How To Look At A House

McGarry and Madsen's home inspection blog for buyers of  

site-built, mobile/manufactured and modular homes

Does an inspector have to find live termites to recommend treatment of the home?

Tuesday, July 10, 2018

Finding live termites is just one way to confirm the presence of termites in a house. The Department of Agricultural and Consumer Services (FDACS) regulates termite inspection in Florida, and they require that a WDO/termite inspection report be written on their “Wood-Destroying Organisms Inspection Report” form (FDACS-13645). The form has a simple system with two categories that the inspector follows, looking for EVIDENCE or DAMAGE. Anything found in either category is a reason for treatment.


  • Mud Tubes - Termites can only survive in a moist environment, underground or inside wood, and quickly dry up and die in open air. Subterranean termites construct slender fingers of mud with a hollow center for protection from dry outside air while going from the ground up to the wood in your house. Mud tubes are made with soil, tiny bits of wood, plus their own fecal pellets and saliva. The tubes can also appear on interior walls, as shown below, and in the attic as termites widen their search for more wood in the house.
  • Termite Wings - After newborn termite queens and their male escorts fly away in the Spring of each year to start a new colony, they shed their wings where they land, because they are no longer useful after the brief flight. The wings have a characteristic shape and vein pattern that a termite inspector recognizes.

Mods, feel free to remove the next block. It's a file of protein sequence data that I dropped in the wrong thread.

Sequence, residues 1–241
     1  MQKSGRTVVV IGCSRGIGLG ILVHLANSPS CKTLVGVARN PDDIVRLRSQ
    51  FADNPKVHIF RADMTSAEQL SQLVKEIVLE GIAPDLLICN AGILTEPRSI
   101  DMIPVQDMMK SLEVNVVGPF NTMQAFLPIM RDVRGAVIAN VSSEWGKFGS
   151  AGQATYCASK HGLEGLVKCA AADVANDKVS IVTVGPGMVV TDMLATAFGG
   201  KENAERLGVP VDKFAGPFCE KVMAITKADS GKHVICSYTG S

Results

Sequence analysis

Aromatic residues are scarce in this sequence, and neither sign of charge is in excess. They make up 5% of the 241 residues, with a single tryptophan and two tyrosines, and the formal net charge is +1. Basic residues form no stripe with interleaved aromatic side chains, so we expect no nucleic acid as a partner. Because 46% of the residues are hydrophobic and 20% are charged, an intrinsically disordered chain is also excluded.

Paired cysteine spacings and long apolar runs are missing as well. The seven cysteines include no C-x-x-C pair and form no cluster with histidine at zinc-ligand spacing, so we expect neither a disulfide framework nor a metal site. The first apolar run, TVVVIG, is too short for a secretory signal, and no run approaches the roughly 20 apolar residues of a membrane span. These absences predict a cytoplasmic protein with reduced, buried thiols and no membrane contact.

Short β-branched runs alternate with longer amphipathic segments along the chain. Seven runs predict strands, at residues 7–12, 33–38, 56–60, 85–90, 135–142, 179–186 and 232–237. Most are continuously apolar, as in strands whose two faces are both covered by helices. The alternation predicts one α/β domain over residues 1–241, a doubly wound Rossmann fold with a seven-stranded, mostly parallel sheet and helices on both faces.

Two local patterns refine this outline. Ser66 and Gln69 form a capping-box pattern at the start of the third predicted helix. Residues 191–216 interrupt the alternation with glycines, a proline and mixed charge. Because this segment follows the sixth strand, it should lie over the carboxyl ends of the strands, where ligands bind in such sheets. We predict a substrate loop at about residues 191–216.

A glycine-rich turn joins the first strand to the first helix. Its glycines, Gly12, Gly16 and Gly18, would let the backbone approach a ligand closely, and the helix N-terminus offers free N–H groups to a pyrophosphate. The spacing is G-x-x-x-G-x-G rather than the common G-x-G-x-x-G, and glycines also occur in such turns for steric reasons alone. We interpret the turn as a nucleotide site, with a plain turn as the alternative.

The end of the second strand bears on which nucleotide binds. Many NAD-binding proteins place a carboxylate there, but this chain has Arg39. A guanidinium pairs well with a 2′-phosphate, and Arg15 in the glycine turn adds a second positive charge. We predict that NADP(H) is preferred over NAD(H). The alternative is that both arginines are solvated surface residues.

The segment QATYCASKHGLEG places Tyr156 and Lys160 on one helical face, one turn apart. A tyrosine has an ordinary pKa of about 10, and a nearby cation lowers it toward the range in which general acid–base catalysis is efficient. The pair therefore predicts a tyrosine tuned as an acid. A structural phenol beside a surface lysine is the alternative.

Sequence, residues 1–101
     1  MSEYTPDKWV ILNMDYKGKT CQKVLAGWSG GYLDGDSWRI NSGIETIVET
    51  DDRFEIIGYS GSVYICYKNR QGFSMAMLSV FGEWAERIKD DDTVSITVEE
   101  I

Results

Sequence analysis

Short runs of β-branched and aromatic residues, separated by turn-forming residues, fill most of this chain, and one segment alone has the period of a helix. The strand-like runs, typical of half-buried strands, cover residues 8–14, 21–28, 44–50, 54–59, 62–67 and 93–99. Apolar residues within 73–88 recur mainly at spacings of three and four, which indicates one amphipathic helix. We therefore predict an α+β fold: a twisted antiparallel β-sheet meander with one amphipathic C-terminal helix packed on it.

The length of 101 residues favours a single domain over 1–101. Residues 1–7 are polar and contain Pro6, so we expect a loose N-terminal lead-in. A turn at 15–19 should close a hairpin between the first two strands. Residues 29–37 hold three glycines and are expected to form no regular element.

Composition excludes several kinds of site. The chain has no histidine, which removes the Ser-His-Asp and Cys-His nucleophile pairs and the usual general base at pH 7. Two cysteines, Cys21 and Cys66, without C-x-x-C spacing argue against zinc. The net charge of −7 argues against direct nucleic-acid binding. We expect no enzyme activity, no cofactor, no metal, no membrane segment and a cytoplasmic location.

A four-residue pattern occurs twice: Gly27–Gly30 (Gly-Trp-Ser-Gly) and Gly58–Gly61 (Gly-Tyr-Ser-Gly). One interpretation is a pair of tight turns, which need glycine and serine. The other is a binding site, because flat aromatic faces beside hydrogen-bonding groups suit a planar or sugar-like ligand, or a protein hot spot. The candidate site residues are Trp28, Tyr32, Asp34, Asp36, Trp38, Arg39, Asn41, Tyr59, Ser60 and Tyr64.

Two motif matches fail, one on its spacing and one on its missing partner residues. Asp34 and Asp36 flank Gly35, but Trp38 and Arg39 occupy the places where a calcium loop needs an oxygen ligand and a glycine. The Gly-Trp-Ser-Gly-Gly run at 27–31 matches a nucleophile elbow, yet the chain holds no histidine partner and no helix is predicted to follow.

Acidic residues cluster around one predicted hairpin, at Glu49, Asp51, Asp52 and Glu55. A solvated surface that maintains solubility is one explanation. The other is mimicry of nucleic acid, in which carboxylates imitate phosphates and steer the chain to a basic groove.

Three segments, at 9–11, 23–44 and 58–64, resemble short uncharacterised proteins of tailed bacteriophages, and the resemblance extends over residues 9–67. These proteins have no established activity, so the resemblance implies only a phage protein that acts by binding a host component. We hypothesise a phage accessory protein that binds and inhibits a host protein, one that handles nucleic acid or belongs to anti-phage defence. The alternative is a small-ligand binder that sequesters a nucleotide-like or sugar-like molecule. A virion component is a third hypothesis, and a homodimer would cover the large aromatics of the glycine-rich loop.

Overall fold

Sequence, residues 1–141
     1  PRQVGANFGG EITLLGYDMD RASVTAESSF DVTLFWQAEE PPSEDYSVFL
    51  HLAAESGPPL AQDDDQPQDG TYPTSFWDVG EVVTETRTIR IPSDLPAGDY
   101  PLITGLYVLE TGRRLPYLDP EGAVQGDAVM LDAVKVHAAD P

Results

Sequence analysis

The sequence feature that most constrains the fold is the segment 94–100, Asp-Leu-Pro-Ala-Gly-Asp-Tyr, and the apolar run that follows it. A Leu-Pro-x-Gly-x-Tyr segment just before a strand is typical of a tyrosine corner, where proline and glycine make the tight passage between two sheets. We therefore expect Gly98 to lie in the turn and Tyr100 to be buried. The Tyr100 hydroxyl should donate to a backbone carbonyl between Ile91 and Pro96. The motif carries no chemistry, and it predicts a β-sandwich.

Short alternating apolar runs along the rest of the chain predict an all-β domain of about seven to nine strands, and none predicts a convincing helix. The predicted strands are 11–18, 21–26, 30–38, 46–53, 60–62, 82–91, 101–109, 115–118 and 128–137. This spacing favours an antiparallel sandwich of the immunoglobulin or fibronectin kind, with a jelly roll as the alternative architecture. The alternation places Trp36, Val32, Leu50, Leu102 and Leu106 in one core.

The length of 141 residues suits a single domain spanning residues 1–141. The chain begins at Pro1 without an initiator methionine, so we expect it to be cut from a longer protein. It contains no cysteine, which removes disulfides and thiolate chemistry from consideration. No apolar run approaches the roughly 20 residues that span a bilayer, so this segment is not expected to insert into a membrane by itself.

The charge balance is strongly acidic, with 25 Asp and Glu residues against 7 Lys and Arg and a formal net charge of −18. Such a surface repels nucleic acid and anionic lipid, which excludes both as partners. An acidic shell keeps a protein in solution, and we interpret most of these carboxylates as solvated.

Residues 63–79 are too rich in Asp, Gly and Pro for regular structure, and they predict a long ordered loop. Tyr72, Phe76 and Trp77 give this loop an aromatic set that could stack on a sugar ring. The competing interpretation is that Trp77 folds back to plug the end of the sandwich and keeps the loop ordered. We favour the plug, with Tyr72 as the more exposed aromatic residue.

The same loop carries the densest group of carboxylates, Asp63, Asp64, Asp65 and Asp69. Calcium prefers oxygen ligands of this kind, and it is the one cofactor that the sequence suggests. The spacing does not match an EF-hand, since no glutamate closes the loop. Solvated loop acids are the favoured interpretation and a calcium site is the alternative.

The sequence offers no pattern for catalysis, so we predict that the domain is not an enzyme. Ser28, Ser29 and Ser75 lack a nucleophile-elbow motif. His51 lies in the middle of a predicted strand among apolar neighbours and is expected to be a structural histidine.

• Live Termites - We rarely get to see live termites. But it is always fascinating when they poke their tiny white heads out of a piece of damaged wood we are probing, or after popping open a mud tube.  The short video clip below shows Greg opening a mud tube at the base of an exterior wall, and it will give you a good idea of how very small they are compared to the blade of his pocketknife.   They were tunneling upward to get to the wood house siding above. Minor damage to a mud tube like this will be repaired by the workers within a few hours. When we came back the next day it had been resealed.
  • Galleries - The sponge-like maze of tunnels that termites eat through the wood are called galleries. Inspectors locate them by probing soft spots in the wood. Because termites stop munching the wood just behind the painted surface, the head of a screwdriver will easily slip right through a smooth painted surface of termite-damaged wood into the honeycombed wood behind it. Another technique that some inspectors use is “sounding” the wood, which means tapping on the surface and listening to the sound. We use a piece of PVC pipe, but some inspectors tap with the head of a screwdriver. Wood that has been eaten up with termite galleries will make a dull thud sound instead of the sharp knock that indicates good wood. Galleries are considered both evidence and damage.